Proposed school causing controversy

Human potential school or controversial enterprise? That’s what some people in Halfmoon are trying to find out.

The futuristic building complex for NXIVM is almost as unique as its name. Spelled in Roman numerals and pronounced “Nexium,” this controversial company and its Executive Success Programs, founded by RPI graduate Keith Raniere and his protege Nancy Salzman, has become a source of concern in Halfmoon.

The program is designed to teach people how to “maximize their potential,” but the company has come under fire for what some claim is cult-like activity.

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Salzman said, “It’s a school of critical thinking. So it’s so opposite of that, it’s kind of funny.”

Residents are suspicious of NXIVM’s operations, but said their over-riding concern is over increased traffic the complex will generate. Although the lot is approved for commercial use, many people feel such a large complex poses safety issues.

Resident Tammy Quinn said, “They’re claiming to have 150 to 200 vehicles in and out of this parking lot. With all the kids and the children that come up to this bus stop, it just seems very dangerous to have something like this here.”

Over 100 residents have signed a petition opposing the new complex. The town board said it will take concerns about congestion, traffic and safety into consideration. But as far as the cult claims go, right now the board is sticking strictly to the legal issues.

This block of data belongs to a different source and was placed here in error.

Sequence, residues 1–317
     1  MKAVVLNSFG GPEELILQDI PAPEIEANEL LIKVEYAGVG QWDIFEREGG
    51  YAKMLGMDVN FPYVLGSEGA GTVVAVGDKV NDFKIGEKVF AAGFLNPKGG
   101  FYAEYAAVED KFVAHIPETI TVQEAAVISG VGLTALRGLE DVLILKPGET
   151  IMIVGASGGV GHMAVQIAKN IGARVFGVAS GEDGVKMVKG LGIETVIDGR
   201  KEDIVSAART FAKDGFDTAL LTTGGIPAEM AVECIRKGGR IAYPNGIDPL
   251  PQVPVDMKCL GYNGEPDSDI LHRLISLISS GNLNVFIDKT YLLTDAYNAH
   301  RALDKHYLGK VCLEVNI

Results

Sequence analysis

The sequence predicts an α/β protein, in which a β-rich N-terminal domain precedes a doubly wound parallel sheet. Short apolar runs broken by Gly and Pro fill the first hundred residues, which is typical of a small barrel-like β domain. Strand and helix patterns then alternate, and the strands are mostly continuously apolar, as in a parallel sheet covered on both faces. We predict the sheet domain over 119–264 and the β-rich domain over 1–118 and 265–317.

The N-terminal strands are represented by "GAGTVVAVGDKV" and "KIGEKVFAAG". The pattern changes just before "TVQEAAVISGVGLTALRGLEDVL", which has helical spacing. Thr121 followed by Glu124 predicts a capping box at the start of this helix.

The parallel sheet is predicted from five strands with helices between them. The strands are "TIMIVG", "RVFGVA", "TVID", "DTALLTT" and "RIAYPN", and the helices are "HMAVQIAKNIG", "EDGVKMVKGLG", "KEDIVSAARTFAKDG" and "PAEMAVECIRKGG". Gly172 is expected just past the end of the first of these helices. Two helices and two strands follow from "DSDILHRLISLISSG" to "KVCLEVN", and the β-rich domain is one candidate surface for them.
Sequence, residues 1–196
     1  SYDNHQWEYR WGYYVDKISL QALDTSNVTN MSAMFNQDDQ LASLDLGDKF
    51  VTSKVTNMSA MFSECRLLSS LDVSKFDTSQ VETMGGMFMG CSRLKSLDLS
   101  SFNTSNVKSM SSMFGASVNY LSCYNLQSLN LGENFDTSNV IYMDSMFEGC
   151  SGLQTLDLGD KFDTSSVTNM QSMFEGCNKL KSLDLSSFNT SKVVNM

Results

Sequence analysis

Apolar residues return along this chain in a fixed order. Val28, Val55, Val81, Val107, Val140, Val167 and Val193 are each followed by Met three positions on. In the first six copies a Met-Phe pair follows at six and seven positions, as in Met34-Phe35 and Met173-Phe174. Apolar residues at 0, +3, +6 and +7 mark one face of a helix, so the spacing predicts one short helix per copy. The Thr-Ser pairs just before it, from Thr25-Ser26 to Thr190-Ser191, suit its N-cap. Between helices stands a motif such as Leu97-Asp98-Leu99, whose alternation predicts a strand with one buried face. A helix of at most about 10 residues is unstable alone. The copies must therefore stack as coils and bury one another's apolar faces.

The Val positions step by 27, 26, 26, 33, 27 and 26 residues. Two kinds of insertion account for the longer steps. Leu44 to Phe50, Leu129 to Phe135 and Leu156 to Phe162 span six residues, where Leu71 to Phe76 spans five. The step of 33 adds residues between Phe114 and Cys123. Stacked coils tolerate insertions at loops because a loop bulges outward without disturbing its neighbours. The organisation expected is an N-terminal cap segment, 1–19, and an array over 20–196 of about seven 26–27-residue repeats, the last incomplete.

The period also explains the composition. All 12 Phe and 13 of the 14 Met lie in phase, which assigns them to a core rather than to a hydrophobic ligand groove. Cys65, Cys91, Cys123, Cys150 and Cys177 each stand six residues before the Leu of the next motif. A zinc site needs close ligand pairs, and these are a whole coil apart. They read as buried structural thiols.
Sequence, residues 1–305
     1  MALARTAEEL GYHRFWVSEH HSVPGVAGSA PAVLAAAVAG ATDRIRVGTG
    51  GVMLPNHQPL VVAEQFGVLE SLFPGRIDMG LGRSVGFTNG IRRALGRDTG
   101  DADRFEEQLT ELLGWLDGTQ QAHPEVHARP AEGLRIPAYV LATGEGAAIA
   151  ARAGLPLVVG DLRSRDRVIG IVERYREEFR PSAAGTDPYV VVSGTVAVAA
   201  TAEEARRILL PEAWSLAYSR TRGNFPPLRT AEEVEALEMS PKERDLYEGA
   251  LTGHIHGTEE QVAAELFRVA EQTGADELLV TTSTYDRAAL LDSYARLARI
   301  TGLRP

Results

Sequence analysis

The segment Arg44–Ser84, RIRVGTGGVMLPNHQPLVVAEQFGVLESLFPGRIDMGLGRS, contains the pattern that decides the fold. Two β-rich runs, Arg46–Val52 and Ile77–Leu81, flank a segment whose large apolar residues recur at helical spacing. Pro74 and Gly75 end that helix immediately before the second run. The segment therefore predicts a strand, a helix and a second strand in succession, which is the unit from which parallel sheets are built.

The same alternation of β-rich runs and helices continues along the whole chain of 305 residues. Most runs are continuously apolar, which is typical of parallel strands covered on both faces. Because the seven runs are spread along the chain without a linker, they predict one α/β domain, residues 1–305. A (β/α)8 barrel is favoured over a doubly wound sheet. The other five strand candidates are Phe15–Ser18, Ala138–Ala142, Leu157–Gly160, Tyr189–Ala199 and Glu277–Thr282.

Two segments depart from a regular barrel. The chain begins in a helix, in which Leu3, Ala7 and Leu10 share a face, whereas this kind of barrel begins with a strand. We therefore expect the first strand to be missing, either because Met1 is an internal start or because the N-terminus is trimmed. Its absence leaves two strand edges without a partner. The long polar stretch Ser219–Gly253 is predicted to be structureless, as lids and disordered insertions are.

Halfmoon town supervisor Ken DeCerce said, “I go by ordinances. The people of this town elected me to be the watch person of this kind of activity. If they meet those criteria, then we don’t have any recourse as to allow them or disallow them.”

Residents continue to raise concerns over investigations into the company, but Salzman said they have ulterior motives.

She said, “The neighbors would prefer that no commercial dwelling be built on that land, and therefore anything that will help them to make that happen they’re going to grab.”


(Listed if other than Religion News Blog, or if not shown above), USA
Sep. 17, 2003
Erik O'Hearn
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Religion News Blog posted this on Thursday September 18, 2003.
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